Louis Riel 'murdered by the Crown,' MP says
CTV.ca News Staff
Published Tuesday, November 17, 2009 8:51PM EST
Louis Riel's conviction for treason should be overturned, says a Manitoba MP, who adds that the hero of Metis across the Prairies should be recognized as a Father of Confederation more than 100 years after his death.
NDP MP Pat Martin has introduced a private members' bill in the House of Commons, calling for Riel's 1885 conviction to be reversed and to recognize him both as the founder of Manitoba and for his work in defence of Canada's Metis population.
"On the Prairies there's a very strong movement that wants to recognize him not only as the founder of Manitoba but one of the founders of Confederation, and he should be considered one of the Fathers of Confederation because it was he who brought Manitoba into Confederation in 1870 as our fifth province," Martin told CTV's Power Play on Monday, the 124th anniversary of Riel's death.
"So my bill is simply stating that it's overdue that we reverse the conviction of Louis Riel. Not just pardon him -- because pardon says that you're guilty of something but we're going to forgive it somehow. To reverse the conviction is to exonerate Louis Riel and state that he was never guilty of treason."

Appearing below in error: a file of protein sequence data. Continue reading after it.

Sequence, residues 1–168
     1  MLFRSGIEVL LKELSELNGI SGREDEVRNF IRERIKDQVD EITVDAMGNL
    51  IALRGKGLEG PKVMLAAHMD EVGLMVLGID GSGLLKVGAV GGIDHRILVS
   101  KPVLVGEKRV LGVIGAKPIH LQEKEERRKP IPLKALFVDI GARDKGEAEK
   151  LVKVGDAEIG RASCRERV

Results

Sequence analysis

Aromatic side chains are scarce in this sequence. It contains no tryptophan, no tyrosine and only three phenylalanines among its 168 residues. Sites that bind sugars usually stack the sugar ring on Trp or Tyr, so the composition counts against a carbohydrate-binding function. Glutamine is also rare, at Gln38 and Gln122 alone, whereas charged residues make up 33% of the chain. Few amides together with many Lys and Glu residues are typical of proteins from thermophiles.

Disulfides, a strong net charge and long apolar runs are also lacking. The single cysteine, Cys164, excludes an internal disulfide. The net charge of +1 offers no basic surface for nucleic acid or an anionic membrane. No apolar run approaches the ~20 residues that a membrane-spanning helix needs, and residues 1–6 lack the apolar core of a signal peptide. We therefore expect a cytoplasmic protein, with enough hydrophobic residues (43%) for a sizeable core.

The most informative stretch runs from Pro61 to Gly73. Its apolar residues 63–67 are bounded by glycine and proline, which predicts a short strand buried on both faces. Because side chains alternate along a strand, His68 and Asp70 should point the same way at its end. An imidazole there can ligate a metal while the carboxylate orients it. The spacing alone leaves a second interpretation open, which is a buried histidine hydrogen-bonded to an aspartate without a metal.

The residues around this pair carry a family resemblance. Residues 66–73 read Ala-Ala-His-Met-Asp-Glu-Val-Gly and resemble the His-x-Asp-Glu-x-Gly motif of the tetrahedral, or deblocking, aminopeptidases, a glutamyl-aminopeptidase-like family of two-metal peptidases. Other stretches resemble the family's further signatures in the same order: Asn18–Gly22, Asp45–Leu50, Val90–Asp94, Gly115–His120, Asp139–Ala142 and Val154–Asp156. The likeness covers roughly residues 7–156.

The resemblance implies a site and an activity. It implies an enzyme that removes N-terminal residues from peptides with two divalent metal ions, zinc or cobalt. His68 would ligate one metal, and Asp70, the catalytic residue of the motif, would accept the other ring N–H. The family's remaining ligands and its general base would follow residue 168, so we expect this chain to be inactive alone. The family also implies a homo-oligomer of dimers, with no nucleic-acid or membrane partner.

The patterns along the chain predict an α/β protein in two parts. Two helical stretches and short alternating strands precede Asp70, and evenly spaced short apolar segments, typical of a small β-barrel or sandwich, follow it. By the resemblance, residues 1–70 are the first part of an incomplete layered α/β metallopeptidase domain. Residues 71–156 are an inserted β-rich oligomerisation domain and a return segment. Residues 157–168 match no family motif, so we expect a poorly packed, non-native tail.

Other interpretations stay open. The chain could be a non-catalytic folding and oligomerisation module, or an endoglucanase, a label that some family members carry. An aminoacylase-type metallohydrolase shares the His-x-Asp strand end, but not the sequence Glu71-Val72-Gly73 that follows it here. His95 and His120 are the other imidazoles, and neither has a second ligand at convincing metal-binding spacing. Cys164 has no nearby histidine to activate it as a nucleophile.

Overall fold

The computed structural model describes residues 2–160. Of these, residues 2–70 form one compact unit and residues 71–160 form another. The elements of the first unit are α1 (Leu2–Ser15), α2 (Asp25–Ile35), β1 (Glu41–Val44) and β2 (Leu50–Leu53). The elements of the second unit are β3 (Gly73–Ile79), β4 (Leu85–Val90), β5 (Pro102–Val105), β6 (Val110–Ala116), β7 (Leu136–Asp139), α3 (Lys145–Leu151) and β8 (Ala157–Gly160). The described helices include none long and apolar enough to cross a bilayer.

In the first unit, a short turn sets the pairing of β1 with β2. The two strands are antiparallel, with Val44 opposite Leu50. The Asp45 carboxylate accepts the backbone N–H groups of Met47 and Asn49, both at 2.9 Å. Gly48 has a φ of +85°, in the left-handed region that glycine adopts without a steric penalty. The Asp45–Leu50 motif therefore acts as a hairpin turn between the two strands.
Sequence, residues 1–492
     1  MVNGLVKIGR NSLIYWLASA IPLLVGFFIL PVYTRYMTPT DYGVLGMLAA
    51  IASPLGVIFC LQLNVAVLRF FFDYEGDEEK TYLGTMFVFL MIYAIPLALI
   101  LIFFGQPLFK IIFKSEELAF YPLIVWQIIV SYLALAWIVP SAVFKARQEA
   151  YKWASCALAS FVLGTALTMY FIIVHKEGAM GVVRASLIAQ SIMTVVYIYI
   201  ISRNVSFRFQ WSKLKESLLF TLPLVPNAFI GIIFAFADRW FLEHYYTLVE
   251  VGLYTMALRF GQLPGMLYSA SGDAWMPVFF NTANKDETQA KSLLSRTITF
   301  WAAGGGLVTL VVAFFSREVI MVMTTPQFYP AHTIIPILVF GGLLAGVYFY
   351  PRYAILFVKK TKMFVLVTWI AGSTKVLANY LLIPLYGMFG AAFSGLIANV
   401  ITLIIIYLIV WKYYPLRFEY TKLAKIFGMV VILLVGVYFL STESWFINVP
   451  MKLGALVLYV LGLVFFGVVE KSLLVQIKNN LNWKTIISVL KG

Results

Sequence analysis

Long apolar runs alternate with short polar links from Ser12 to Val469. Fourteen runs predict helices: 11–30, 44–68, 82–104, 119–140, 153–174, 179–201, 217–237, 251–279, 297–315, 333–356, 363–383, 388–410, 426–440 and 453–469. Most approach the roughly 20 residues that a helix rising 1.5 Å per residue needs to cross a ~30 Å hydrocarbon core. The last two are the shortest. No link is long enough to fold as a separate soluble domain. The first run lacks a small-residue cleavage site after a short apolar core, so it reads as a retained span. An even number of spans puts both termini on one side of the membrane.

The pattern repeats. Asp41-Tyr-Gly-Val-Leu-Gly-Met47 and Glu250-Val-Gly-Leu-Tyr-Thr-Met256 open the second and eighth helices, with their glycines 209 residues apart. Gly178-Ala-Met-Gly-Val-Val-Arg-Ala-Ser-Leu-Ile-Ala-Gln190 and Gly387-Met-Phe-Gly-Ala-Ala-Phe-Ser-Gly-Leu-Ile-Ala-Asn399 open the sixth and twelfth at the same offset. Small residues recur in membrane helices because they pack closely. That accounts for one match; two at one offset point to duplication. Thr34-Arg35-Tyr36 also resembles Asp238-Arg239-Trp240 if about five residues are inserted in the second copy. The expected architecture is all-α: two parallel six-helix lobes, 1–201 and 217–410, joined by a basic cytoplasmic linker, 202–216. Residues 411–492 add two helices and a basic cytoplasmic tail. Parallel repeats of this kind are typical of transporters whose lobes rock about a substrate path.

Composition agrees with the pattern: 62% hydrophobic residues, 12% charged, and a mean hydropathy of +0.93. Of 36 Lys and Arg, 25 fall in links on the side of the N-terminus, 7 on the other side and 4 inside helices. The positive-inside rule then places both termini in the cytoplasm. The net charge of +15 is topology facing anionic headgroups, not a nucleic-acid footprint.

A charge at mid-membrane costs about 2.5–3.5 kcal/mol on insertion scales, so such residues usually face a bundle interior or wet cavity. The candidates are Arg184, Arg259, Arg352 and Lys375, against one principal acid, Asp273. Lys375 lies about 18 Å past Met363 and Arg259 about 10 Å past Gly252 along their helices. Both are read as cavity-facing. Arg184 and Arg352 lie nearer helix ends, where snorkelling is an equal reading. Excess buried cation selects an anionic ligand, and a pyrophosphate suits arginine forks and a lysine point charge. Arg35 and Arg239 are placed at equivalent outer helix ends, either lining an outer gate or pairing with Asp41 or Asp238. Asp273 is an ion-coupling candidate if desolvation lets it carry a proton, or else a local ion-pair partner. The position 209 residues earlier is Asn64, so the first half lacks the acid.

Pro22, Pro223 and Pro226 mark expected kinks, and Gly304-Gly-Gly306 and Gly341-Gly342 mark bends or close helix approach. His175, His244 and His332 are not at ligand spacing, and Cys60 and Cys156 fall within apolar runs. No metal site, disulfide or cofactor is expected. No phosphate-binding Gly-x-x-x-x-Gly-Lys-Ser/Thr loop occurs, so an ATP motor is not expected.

In 1869, Riel led the Red River Rebellion to assert Metis rights in what was to become Manitoba. Later that year, he was elected head of a provisional government in Red River and in 1870, helped usher Manitoba into Confederation.
While Riel was elected to the House of Commons three times, he did not take his seat in Ottawa. Instead, he left Canada, but returned to lead the Metis in the Northwest Rebellion.
The federal government convicted Riel of high treason and executed him on Nov. 16, 1885, for his role in the rebellion.
Martin has been trying for years to rehabilitate Riel's image in Canada. His latest bill to exonerate Riel, C-258, went through its first reading in January, and will likely not come up for debate until next year.
According to Martin, the Canadian government did not have the authority to charge Riel.
"These events took place outside of the realm of the Crown, and he was charged with treason as it pertains to the realm of the Crown. Any good lawyer should be able to drive a truck through a loophole like that but he didn't have a good legal defence," Martin said.
"(The government) had made up their minds early on that they were going to get rid of this nuisance agitator who was fighting for the rights of the Metis, and more and more as the history comes to the surface, we see that the government of Canada wanted Louis Riel out of the way and they worked backwards from that conclusion. Really, it's safe to say he was murdered by the Crown."